Reference : The mass of the very massive binary WR21a
Scientific journals : Article
Physical, chemical, mathematical & earth Sciences : Space science, astronomy & astrophysics
The mass of the very massive binary WR21a
Tramper, F. [University of Amsterdam > Anton Pannenkoek Institute for Astronomy > > >]
Sana, H. [Katholieke Universiteit Leuven - KUL > Instituut of Sterrenkunde > > >]
Fitzsimons, N. E. [University of Amsterdam > Anton Pannenkoek Institute for Astronomy > > >]
de Koter, A. [University of Amsterdam > Anton Pannenkoek Institute for Astronomy > > >]
Kaper, L. [University of Amsterdam > Anton Pannenkoek Institute for Astronomy > > >]
Mahy, Laurent mailto [Université de Liège > Département d'astrophys., géophysique et océanographie (AGO) > Astroph. extragalactique et observations spatiales (AEOS) >]
Moffat, A. [Université de Montréal - UdeM > Département de Physique > > >]
Monthly Notices of the Royal Astronomical Society
Blackwell Publishing
Yes (verified by ORBi)
United Kingdom
[en] binaries: close ; binaries: spectroscopic ; stars: early-type ; stars:fundamental parameters ; stars: individual: WR21a ; stars: Wolf-Rayet
[en] We present multi-epoch spectroscopic observations of the massive binary system WR21a,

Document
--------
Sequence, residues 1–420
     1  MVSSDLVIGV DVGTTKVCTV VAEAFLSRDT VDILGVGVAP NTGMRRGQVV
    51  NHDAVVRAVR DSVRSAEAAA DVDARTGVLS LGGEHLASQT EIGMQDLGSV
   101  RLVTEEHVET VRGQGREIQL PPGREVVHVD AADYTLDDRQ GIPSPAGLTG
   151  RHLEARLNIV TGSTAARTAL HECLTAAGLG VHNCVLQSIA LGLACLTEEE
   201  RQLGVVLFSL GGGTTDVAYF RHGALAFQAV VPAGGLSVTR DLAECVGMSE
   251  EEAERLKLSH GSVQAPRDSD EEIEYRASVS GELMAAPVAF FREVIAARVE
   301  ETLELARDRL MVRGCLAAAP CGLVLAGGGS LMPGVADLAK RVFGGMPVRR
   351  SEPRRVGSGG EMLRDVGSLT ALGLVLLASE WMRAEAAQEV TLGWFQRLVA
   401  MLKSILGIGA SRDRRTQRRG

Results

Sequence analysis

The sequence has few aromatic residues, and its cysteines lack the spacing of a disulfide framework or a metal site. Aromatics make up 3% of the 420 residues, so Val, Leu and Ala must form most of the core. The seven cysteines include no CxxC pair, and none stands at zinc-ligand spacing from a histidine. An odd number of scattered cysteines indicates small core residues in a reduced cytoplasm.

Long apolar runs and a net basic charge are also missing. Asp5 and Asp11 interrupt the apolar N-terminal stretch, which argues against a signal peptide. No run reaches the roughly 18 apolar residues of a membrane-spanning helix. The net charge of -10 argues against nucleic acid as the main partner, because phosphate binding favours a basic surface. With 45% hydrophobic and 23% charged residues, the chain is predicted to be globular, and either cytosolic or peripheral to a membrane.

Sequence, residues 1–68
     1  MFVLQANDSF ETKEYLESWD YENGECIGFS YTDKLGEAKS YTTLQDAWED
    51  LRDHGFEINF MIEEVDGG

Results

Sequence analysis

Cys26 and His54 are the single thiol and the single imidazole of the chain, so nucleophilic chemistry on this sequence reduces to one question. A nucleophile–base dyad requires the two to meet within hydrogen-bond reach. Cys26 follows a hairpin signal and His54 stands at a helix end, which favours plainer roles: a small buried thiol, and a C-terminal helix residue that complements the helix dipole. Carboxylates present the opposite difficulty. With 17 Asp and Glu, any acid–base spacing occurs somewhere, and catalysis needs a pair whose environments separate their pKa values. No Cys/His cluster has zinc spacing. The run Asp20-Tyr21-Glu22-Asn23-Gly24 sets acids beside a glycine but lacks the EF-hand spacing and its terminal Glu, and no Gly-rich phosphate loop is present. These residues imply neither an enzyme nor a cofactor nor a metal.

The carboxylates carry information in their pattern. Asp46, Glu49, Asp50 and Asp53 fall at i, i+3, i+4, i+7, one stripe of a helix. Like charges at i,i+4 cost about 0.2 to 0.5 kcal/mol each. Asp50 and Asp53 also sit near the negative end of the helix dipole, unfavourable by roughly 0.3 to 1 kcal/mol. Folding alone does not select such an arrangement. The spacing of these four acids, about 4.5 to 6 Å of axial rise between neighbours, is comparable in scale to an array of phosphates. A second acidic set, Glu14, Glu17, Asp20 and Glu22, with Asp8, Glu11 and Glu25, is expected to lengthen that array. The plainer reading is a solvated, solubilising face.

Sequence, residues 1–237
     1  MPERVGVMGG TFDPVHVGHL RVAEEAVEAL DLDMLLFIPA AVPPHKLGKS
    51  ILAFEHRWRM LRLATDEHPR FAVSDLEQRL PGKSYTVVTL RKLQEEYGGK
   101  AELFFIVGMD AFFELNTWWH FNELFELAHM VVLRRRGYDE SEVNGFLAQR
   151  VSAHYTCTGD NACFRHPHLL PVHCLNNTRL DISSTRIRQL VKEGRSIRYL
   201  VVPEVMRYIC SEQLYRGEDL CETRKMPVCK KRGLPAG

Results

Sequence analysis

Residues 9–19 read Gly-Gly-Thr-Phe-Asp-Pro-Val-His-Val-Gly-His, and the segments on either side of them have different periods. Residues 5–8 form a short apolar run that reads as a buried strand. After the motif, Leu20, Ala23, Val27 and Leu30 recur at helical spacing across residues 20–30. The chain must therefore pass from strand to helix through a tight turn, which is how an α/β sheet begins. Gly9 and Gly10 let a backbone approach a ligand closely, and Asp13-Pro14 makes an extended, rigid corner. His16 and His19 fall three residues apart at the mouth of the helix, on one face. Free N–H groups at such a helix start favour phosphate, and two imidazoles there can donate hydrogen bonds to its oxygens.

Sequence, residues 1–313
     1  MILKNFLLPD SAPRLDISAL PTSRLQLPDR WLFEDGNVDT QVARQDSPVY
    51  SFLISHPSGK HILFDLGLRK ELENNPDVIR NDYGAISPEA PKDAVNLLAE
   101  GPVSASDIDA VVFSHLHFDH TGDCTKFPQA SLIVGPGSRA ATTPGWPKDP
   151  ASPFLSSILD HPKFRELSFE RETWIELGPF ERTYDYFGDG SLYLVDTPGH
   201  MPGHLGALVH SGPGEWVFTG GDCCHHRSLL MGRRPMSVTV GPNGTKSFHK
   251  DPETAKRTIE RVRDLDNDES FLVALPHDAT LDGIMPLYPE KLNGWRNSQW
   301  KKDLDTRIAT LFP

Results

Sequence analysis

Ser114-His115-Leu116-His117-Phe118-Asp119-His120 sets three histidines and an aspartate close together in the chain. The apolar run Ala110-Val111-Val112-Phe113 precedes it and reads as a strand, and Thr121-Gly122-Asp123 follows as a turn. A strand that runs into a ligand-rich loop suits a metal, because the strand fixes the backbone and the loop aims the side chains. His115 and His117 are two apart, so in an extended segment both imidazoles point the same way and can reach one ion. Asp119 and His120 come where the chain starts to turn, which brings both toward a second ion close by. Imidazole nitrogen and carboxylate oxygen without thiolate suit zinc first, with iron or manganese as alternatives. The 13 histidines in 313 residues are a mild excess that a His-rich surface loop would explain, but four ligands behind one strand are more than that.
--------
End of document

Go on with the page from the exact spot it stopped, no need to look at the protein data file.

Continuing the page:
which include the 2011 January periastron passage. Our spectra reveal multiple SB2 lines and
facilitate an accurate determination of the orbit and the spectral types of the components. We
obtain minimum masses of 64.4±4.8 Msun and 36.3±1.7 Msun for the two components of
WR21a. Using disentangled spectra of the individual components, we derive spectral types of
O3/WN5ha and O3Vz ((f*)) for the primary and secondary, respectively. Using the spectral
type of the secondary as an indication for its mass, we estimate an orbital inclination of i=58.8±2.5° and absolute masses of 103.6±10.2 Msun and 58.3±3.7 Msun, in agreement with the luminosity of the system. The spectral types of the WR21a components indicate that the stars are very young (1–2 Myr), similar to the age of the nearby Westerlund 2 cluster. We use evolutionary tracks to determine the mass–luminosity relation for the total system mass. We find that for a distance of 8 kpc and an age of 1.5 Myr, the derived absolute masses are in good agreement with those from evolutionary predictions.
Liège Space Research Institute - LiSRI
Fonds de la Recherche Scientifique (Communauté française de Belgique) - F.R.S.-FNRS ; Action de Recherche Concertée, ARC, Etoiles massives
Researchers ; Students

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